Unlocking GOES: A Statistical Framework for Quantifying the Evolution of Convective Structure in Tropical Cyclones

11/25/2019 ∙ by Trey McNeely, et al. ∙ 0

Tropical cyclones (TCs) rank among the most costly natural disasters in the United States, and accurate forecasts of track and intensity are critical for emergency response. Intensity guidance has improved steadily but slowly, as processes which drive intensity change are not fully understood. Because most TCs develop far from land-based observing networks, geostationary (Geo) satellite imagery is critical to monitoring these storms. Modern high-resolution Geo observations provide an unprecedented scientific opportunity. These complex data are however challenging to analyze by forecasters in real time, whereas off-the-shelf machine learning algorithms have limited applicability due to their "black box" structure. This study presents analytic tools that quantify convective structure patterns in infrared Geo imagery for over-ocean TCs, yielding lower-dimensional but rich representations that support analysis and visualization of how these patterns evolve during a rapid intensity change. The proposed ORB feature suite targets the global Organization, Radial structure, and Bulk morphology of TCs. Combined with a functional basis, the resulting representation of convective structure patterns on multiple scales serves as input to powerful but sometimes hard-to-interpret machine learning methods. This study uses the logistic lasso, a penalized generalized linear model, to relate predictors to rapid intensity change. Using ORB alone, binary classifiers identifying the presence (versus absence) of such events achieve accuracy comparable to classifiers using environmental predictors alone, while a combined predictor set further reduces nowcasting errors. More complex nonlinear machine learning methods did not improve accuracy over our linear logistic lasso model.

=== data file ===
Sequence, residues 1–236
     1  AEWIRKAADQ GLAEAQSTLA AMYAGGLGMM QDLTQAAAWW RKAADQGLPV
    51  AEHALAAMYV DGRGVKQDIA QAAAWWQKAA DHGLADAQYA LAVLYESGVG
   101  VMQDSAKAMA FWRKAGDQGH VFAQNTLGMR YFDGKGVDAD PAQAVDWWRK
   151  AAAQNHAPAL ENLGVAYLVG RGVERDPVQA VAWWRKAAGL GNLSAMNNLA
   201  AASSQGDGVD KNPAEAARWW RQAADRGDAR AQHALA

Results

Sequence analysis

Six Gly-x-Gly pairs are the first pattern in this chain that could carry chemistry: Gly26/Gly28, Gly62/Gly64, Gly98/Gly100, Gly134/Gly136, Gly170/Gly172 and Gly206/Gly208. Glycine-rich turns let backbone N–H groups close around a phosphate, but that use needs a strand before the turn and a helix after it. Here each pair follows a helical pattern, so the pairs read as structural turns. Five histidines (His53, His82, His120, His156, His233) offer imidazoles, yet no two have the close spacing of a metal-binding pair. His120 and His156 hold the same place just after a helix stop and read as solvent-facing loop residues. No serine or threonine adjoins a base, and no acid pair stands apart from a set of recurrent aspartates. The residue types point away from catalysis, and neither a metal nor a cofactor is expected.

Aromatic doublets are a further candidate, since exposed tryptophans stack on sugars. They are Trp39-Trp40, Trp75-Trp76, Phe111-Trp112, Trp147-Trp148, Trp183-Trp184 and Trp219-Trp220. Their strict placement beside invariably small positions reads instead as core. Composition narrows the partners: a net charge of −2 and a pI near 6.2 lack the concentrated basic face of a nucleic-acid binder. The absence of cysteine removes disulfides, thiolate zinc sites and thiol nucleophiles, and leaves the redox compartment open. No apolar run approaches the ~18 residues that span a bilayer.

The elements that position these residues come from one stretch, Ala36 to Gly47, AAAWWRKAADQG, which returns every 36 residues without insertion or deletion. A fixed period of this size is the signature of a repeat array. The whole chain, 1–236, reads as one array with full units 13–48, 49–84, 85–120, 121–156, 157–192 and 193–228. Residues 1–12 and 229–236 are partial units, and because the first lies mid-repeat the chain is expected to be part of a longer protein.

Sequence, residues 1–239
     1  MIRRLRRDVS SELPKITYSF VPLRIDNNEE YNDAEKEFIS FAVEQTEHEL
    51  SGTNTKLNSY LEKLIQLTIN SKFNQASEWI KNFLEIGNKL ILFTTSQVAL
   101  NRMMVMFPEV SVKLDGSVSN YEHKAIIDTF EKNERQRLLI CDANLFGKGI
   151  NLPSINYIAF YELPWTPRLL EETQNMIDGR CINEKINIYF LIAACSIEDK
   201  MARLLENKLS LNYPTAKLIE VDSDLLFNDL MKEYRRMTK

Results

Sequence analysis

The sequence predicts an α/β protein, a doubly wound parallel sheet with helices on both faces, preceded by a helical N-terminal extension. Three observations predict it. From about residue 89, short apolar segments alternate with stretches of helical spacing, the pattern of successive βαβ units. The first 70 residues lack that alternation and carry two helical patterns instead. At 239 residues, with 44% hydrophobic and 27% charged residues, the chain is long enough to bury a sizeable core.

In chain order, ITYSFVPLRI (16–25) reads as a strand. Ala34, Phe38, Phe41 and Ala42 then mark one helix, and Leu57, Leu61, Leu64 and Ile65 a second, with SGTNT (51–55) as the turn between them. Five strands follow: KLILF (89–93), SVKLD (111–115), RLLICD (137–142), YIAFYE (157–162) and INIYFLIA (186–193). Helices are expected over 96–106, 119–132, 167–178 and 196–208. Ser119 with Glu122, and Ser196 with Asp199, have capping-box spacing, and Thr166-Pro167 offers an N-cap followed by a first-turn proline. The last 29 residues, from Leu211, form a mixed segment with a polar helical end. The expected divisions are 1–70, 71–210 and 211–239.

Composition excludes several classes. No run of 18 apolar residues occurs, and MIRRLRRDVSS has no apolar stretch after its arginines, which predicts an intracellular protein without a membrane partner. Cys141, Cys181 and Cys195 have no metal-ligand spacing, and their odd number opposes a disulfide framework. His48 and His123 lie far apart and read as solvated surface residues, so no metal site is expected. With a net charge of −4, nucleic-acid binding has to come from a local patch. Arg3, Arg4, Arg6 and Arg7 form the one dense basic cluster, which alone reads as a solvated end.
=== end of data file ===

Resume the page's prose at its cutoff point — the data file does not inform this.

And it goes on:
READ FULL TEXT
POST COMMENT

Comments

There are no comments yet.

Authors

page 3

page 7

page 8

page 13

page 20

page 21

page 22

page 24

This week in AI

Get the week's most popular data science and artificial intelligence research sent straight to your inbox every Saturday.